Ski Stories #13 – SuperbikePlanet
All the time I knew him, Ski’s body was in a state of repair
Dave sacrificed his body for racing success. By the time he was a semi-fast 250 racer, he had already had many giant crashes that severely damaged his body. After a big start on a 600, he arrived on the grid without feeling his feet. He actually asked his then mechanic, as they sat on the Armco barrier by the grid, if his feet were on the ground because when he sat down, after the accident, he had lost all sensation in his feet. They always worked, he just couldn’t feel them every once in a while.
When he transitioned to Supersport and Superbike racing, Ski’s “Death Before Dishonor” approach to racing remained the same as in 250; it’s just that it no longer crashes and throws a small, light Grand Prix bike. He was now trying to want GSX-R750 and 1100 sized bikes, not light bikes at all, to do his bidding. Sometimes it worked and sometimes it didn’t.
Ski’s back was a constant problem, which only got worse with time. The origin of his back problems is truly part of paddock legend. Only it’s true. Unfortunately, painfully, it’s true.
On the warm-up lap of a now-forgotten Superbike race at Road America – see, “Ski at Elkhart” could be a book – Ski’s GSX-R750 battery either died or wasn’t grounded during the warm-up lap. Dave had qualified on pole and was full of motivation to win, so when the local workers pushed his bike behind a fence and locked the door, Dave raised his mood to the temperature of an out of control nuclear reactor. The warm-up lap at Road America is long so Ski still had a few minutes to fix his bike. After that, he asked the local workers to let him back onto the track so he could do the grid.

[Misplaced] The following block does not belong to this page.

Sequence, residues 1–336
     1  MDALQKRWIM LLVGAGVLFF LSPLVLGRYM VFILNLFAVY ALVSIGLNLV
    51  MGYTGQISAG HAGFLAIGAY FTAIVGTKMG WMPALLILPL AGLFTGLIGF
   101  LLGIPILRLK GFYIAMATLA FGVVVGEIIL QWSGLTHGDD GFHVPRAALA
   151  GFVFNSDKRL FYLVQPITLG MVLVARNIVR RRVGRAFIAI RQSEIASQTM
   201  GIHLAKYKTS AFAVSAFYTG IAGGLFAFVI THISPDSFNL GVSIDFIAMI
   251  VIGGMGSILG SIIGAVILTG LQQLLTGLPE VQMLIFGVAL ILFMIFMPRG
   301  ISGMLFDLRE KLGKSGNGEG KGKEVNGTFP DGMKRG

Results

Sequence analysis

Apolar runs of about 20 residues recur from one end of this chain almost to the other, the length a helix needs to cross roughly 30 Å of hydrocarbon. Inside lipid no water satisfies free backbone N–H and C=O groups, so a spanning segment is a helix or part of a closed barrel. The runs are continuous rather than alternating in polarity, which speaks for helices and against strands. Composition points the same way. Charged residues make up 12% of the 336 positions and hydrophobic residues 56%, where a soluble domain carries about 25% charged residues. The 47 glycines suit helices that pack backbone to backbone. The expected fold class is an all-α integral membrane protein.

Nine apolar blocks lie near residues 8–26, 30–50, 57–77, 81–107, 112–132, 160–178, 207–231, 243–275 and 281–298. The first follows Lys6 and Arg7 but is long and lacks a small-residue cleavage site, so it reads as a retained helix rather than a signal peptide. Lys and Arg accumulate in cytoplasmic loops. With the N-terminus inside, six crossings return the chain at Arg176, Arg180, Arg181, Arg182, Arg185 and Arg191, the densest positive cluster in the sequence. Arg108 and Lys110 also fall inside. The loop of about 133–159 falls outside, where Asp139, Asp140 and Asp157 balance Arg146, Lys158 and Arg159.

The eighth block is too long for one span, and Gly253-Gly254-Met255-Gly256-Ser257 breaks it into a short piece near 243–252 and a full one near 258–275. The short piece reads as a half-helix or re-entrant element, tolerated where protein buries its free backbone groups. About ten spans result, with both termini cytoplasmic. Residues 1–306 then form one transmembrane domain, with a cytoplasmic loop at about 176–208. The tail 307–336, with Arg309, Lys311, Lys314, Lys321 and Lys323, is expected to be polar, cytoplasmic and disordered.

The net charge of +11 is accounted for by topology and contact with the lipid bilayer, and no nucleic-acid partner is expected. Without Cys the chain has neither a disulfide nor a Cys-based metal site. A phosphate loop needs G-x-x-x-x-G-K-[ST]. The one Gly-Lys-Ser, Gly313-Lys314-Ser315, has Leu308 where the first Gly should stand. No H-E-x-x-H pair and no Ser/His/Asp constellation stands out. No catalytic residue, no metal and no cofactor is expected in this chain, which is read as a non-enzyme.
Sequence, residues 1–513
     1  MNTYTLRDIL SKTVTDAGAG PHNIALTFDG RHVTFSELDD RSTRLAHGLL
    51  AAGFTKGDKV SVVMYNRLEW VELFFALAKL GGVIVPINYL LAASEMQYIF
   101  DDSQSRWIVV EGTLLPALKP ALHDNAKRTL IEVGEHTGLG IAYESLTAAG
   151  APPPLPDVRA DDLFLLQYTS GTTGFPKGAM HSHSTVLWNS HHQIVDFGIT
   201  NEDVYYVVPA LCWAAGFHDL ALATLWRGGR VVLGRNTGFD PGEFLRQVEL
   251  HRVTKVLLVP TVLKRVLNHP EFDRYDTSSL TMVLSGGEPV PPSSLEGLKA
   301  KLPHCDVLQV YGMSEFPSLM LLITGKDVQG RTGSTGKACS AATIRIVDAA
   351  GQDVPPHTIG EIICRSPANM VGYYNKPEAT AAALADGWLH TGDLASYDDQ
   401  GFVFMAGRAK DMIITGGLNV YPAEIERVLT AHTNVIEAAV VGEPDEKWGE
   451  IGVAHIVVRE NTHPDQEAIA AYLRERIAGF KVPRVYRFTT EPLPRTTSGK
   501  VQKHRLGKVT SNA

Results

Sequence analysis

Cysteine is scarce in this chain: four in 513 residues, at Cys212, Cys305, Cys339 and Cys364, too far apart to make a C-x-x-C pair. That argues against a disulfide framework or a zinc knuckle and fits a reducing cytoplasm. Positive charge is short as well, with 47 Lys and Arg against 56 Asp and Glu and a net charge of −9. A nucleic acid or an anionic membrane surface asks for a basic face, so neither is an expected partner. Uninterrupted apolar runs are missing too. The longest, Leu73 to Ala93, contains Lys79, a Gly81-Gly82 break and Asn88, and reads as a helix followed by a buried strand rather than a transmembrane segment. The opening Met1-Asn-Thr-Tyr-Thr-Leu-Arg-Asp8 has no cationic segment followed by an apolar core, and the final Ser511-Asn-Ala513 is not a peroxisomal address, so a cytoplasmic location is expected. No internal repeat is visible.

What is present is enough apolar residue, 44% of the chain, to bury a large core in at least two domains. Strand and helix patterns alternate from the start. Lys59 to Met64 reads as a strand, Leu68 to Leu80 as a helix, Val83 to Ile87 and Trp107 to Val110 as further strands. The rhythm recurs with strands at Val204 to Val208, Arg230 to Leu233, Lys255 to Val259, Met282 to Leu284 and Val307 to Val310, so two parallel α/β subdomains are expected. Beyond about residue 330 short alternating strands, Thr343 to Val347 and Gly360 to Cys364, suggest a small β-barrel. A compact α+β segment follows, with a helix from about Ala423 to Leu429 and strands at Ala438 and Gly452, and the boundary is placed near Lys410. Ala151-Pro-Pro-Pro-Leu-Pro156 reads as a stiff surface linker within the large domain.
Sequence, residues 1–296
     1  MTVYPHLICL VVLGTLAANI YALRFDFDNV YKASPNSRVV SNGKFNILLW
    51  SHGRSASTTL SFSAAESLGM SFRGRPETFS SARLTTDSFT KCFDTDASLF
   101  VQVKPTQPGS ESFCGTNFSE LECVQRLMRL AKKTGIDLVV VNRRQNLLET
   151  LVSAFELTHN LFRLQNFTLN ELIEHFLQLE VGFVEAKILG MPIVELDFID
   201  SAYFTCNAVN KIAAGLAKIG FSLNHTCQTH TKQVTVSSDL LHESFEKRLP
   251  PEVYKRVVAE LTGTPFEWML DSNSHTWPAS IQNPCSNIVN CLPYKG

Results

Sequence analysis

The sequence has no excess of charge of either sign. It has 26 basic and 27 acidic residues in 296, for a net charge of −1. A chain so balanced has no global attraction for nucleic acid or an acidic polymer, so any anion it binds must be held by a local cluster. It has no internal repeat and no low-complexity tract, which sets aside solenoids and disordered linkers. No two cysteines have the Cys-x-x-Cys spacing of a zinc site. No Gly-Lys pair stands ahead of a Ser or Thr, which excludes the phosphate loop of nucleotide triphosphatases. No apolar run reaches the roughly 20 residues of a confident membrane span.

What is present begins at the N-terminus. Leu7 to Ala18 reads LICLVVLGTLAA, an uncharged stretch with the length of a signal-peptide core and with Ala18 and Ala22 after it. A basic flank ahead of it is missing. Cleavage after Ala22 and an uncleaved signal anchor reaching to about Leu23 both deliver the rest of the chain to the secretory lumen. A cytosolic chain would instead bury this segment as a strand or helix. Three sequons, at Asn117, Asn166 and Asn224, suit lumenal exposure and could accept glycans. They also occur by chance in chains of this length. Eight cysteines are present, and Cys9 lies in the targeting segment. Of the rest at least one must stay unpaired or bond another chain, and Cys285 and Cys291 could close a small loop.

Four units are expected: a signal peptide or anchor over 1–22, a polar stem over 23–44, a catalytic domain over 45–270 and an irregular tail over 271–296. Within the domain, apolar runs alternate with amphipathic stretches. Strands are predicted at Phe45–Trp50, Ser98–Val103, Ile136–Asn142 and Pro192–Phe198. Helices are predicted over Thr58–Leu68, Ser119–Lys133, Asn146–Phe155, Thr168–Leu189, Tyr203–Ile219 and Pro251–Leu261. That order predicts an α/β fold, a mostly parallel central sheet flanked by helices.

I have long said that you will never make an American happier than the day you give them a whistle and the ability to say no; and that’s exactly what the local workers told Dave – no. In their defense, rules are rules and procedure is procedure.
Frustrated, angry and full of Sadowski-level (volcanic) angst, no more adrenaline, Ski looked around and saw that what was keeping him from racing was just a fence at chest height made of wire and wood. And all it took was for his Superbike to be on the other side of said fence.
Skiing was very strong. He refused to let the machines win. I literally ate donuts and drank coffee once while we waited for Ski to destroy a hotel elliptical he thought he could defeat, before we could hit the track one morning. He yelled and pounded the trainer, set on the hardest setting, refusing to let him win. Small children on their way to the hotel pool stopped and watched in awe as Ski battled the trainer, seeing him with the honesty of children’s eyes. I’m sure they thought they were witnessing a crazy redhead fight with exercise equipment, which they were, let’s face it.